How is this possible? Because I am still free to be me.

I still get to create, I still get to make music, I still get to choose how I live, I still have the chance to do exactly what I want. The main difference is now I have the time to do it. No excuses. Shit or get off the pot.

The biggest surprise is... it's working. I have never felt more confident, more secure, or more successful.

Tuesday, September 24, 2013

The Plight of an Underpaid Worker

Yes, I am aware that many people feel underpaid. To some, they will never be happy with their pay. Others will complain but never actually attempt to change their situation and have a sense of complacency or fear of "at least some work is better than nothing." Others still are smart, educated, multilingual, and are making horrible entry level money for companies that supposedly offer room for advancement, but actually keep their employees at nearly poverty wages with goals that are ridiculous yet linked to your advancement opportunities.

I have not been paid this little since I was 18 years old. I'm bilingual and have lots of technical training for my job. Since I'm the only one in my store that speaks Spanish, I have actually lost sales that should have been mine because I swapped with someone to translate and give technical support.  Not making my numbers costs me money. I refuse to deny someone basic customer service, There is no room for advancement in my place of work. The manager has a difficulty managing his life outside of work making our chances at career success dismal at best.

Why do I stay? I don't have anywhere else to go right now. Nepotism runs rampant on the island and a good chunk of career opportunity is directly tied to whomever you may be related to, drink and party with, or brown-nosed the week before. Instead, I get stuck at a dead end job that was supposed to be a good career opportunity simply because it's better than nothing. I struggle daily with the decision to just call it quits and, like the unfortunate many of my generation, and move home. Multiple incomes are what it takes now. Gone are the days when a single income could carry a middle class family. Maybe more roommates and give up my illusion of privacy. It's sad. And worse, I am not alone. Statistically, more and more people in my generation have degrees and no jobs. The ratio of cost of living to payrate is far worse  than it has been for previous generations. The cost of college is higher. The jobs don't pay.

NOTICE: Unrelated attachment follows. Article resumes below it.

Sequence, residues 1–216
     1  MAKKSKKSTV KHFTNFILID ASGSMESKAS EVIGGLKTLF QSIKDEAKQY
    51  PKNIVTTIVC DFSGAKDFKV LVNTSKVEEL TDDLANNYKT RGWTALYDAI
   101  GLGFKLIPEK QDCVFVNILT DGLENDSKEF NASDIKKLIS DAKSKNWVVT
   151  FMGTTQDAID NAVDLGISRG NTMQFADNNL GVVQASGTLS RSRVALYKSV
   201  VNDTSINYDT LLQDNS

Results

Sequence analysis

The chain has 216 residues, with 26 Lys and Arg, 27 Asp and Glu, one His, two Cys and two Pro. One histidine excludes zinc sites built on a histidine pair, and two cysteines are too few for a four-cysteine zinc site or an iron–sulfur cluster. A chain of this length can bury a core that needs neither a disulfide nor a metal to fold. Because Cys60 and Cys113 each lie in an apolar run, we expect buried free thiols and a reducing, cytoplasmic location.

There is a bottleneck in the sciences for people scrambling for the same decent positions.

There's a lack of funding that makes it so teaching isn't a viable source of income.

Trade positions pay horrid wages but expect experience. No one will give the experience.

What's a woman to do? At this point, I'm scared of my option. Going back to school to incur more debt for something that isn't a guarantee is ridiculous. The odds aren't even worth that wager. It's sad when more education doesn't mean more opportunities. At my age, it means less opportunity. I will continue the search. I will not loose hope. I will not let everything go to waste. I refuse to believe that as the workforce gets older, they will keep the younger from moving up and attaining great positions.  There is a way and I will overcome. I may not end up the scientist I dreamed of working for National Geographic. I may not play around the world.  But I will try to find the balance. I will not be deterred.

Zen moment....

Tuesday, September 3, 2013

O, Bento, Where Art Thou?

It's been a while since I packed a bento but today I am glad be on the wagon again. Nothing too fancy. I'm really trying to maintain a more balanced, less eat out or convenience foods based diet.
I was amazing at this, but alas, I let my busy life get the best of me. Shame! I do know better. I know how diet and sleep affect my mental health. Plus, physically I just feel blah. I have a lot on my plate so I need good nutrition to keep me going and motivated.

Lucky for me, there are no shortages when it comes to quick recipes, bento make aheads, and slow cooker meals. These are great time savers that I started putting to use (again) last week. I hope I can keep it up!

Off to enjoy my lunch!